Perceptual and acoustic reliability estimates for the Speech Disorders Classification System (SDCS)

Lawrence D. Shriberg, Marios Fourakis, Sheryl D. Hall, Heather B. Karlsson, Heather L. Lohmeier, Jane L. McSweeny, Nancy L. Potter, Alison R. Scheer-Cohen, Edythe A. Strand, Christie M. Tilkens, David L. Wilson

Research output: Contribution to journalArticlepeer-review

27 Scopus citations

Abstract

A companion paper describes three extensions to a classification system for paediatric speech sound disorders termed the Speech Disorders Classification System (SDCS). The SDCS uses perceptual and acoustic data reduction methods to obtain information on a speaker's speech, prosody, and voice. The present paper provides reliability estimates for the two perceptual methods (narrow phonetic transcription; prosody-voice coding) and the acoustic analysis methods the SDCS uses to describe and classify a speaker's speech competence, precision, and stability. Speech samples from 10 speakers, five with significant motor speech disorder and five with typical speech, were re-measured to estimate intra-judge and inter-judge agreement for the perceptual and acoustic methods. Each of the speakers completed five speech tasks (total 50 datasets), ranging in articulatory difficulty for the speakers, with consequences for the difficulty level of data reduction. Point-to-point percentage of agreement findings for the two perceptual methods were as high or higher than reported in literature reviews and from previous studies conducted within the laboratory. Percentage of agreement findings for the acoustics tasks of segmenting phonemes, editing fundamental frequency tracks, and estimating formants ranged from values in the mid 70 to 100, with most estimates in the mid 80 to mid 90 range. Findings are interpreted as support for the perceptual and acoustic methods used in the SDCS to describe and classify speakers with speech sound disorders.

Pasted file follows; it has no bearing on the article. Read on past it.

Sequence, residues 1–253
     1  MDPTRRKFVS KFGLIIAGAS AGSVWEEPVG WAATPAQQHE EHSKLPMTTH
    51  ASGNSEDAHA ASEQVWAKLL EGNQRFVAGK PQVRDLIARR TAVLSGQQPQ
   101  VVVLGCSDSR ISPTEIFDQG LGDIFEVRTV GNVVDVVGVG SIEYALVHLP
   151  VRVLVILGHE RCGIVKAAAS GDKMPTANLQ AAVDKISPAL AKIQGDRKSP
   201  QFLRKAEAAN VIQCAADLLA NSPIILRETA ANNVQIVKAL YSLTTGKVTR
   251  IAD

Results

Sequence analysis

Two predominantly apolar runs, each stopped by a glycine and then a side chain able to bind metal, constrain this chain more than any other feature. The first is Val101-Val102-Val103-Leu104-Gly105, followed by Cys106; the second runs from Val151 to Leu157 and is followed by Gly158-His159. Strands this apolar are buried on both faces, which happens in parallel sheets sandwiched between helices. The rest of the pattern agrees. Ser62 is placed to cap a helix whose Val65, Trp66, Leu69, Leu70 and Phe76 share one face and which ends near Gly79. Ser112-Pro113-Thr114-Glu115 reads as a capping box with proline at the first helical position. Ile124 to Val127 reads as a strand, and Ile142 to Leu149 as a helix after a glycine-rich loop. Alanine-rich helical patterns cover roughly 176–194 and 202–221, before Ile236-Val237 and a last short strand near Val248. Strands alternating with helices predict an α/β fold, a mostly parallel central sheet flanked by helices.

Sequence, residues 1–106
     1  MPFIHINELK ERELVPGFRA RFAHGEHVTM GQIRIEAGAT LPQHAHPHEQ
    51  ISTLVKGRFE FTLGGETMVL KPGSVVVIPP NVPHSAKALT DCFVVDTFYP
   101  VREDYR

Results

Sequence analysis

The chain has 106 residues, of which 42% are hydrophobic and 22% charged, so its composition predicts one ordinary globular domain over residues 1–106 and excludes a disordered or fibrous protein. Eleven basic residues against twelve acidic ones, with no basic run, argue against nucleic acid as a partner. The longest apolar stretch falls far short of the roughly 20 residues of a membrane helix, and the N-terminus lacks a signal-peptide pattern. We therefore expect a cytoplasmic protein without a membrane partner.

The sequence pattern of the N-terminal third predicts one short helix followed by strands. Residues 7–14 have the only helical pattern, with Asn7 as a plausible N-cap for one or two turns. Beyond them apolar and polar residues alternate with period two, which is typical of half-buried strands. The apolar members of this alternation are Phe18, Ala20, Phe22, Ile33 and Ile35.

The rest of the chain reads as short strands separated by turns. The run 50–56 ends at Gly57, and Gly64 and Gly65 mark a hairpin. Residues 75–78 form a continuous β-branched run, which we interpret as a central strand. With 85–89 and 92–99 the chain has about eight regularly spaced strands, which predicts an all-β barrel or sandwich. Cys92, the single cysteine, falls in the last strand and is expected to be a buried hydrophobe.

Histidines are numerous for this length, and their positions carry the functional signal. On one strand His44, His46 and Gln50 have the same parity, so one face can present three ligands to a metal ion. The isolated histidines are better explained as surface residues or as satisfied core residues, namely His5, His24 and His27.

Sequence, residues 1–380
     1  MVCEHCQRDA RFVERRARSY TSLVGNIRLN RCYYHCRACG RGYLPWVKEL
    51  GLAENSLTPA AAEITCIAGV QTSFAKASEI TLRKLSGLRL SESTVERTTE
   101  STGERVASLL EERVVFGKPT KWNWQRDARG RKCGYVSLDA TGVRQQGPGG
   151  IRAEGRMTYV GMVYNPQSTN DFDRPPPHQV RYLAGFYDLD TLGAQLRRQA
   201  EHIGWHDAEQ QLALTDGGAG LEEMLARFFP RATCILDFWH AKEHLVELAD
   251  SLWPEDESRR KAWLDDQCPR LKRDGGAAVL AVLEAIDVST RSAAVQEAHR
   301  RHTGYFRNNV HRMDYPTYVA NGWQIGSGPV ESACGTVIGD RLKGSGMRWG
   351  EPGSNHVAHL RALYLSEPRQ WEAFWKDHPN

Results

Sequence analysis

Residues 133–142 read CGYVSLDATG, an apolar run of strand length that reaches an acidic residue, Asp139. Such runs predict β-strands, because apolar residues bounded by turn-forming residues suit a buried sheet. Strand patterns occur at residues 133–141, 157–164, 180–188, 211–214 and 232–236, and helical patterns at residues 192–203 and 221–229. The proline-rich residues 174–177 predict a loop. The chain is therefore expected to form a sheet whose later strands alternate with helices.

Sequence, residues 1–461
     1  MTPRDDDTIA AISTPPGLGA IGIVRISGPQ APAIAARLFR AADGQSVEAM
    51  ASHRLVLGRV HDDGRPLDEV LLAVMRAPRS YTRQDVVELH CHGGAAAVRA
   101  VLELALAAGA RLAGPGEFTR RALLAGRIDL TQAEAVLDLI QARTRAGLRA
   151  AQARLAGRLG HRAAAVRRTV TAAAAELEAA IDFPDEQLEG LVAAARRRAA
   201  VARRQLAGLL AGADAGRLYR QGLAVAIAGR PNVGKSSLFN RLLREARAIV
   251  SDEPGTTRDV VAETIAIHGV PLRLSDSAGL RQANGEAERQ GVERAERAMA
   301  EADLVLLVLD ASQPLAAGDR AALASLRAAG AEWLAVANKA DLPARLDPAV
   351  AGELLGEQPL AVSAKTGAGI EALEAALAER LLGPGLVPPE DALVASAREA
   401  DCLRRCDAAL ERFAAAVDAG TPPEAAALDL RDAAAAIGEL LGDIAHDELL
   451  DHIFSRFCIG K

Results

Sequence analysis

Original languageEnglish (US)
Pages (from-to)825-846
Number of pages22
JournalClinical Linguistics and Phonetics
Volume24
Issue number10
DOIs
StatePublished - Oct 2010

Keywords

  • Agreement
  • Apraxia
  • Articulation
  • Genetics
  • Phonology

ASJC Scopus subject areas

  • Language and Linguistics
  • Linguistics and Language
  • Speech and Hearing

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